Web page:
“I can hear fine.”
If you ever found yourself feeling this sentiment, you’re not alone. And if you ever found out you were wrong about it, take heart—you’re in good company.
Today’s fact is an important reminder of not only how prevalent hearing loss is, but also how difficult it can be to detect.
On the bright side—the more you know, the better you can take care of your hearing health. So, let’s dig in.
Why hearing damage is so common
According to the Centers for Disease Control and Prevention (CDC), the source of today’s fact, noise-induced hearing loss (NIHL) impacts nearly 40 million US adults aged 20–69.
A form of permanent hearing damage, NIHL occurs when excessively loud noise damages the hair cells in your inner ear and the hearing nerve.
Why is NIHL so widespread? Simply put, noise exposure can come from many places and situations in your daily life, such as attending live concerts or other crowded events. Using power tools. Watching fireworks. Even streaming audio through your earbuds.
Moreover, noise has the potential to damage your hearing immediately (if it’s sudden or impulse, like a siren or firecracker near the ear) or over time (if it’s continuous and high-volume, such as audio from earbuds or headphones).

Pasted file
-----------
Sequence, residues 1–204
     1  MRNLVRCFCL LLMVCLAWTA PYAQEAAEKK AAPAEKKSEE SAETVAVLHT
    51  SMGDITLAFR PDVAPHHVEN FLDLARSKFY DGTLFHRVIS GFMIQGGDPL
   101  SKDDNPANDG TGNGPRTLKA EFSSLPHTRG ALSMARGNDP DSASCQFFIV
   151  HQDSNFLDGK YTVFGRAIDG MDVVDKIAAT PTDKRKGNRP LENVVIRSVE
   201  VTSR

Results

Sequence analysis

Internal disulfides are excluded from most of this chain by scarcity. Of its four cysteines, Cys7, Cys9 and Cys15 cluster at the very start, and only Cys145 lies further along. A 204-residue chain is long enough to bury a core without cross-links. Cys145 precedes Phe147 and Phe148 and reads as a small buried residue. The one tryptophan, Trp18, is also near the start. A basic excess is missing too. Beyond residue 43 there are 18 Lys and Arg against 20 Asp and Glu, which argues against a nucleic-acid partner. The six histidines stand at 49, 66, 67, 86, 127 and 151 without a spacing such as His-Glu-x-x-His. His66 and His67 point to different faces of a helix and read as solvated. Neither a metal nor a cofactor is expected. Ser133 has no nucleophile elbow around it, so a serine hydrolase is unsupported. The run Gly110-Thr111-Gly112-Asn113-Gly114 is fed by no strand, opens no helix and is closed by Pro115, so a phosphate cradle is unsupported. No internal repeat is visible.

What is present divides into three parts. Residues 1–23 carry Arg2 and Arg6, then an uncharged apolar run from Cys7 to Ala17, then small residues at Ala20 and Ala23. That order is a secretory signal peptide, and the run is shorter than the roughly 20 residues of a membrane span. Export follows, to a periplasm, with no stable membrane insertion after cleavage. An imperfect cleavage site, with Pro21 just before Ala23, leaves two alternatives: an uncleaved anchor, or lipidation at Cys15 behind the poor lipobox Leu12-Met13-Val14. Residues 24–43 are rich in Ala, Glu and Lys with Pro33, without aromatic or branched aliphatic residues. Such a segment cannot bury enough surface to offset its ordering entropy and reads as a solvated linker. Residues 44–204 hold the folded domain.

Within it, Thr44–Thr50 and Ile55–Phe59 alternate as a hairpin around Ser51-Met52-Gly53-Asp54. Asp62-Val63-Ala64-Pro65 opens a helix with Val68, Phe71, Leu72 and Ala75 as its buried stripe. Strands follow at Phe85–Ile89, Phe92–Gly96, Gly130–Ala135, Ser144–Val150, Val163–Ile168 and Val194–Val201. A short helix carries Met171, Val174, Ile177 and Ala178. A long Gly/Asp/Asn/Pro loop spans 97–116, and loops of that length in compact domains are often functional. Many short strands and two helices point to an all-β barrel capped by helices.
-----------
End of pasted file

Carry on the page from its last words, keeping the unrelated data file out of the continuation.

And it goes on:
Why hearing damage is difficult to detect
Hearing loss is also difficult to identify because it often occurs gradually, over time. So, it’s commonplace for people who have it to find ways to cope and even grow accustomed to reduced hearing.
Unfortunately, the longer you let hearing loss go, the more difficult it is to treat. And by leaving your hearing loss untreated, you also increase your odds of depression, falling, hospitalizations, and dementia.
For these reasons, it is smart to make hearing screenings a part of your routine health exams. And while we recognize it is not uncommon for physicians to prioritize other tests and questions before hearing, there are two things you can do:
Tell your physician about your hearing concerns
Whether you think you may have hearing loss or are unsure, tell your physician. They can refer you to a licensed hearing care professional in the same way they might send you to a dermatologist for skin issues.
A hearing specialist will have the equipment and expertise to evaluate your hearing and counsel you through treatment options for any hearing issues.
(Interested in hearing protection? Hearing care professionals can help with that, too.)
Visit a hearing care professional yourself
Experts recommend having your hearing screened every three years once you're 50. So, please feel empowered to make a hearing evaluation part of your annual health checks.
Hearing exams are simple and pain-free, and can easily be set up with a hearing care professional near you.
Simply type your zip code in here to generate a list of local providers.
By taking care of your hearing health, you can have the confidence to say you’re hearing “better than ever”—and know it to be true.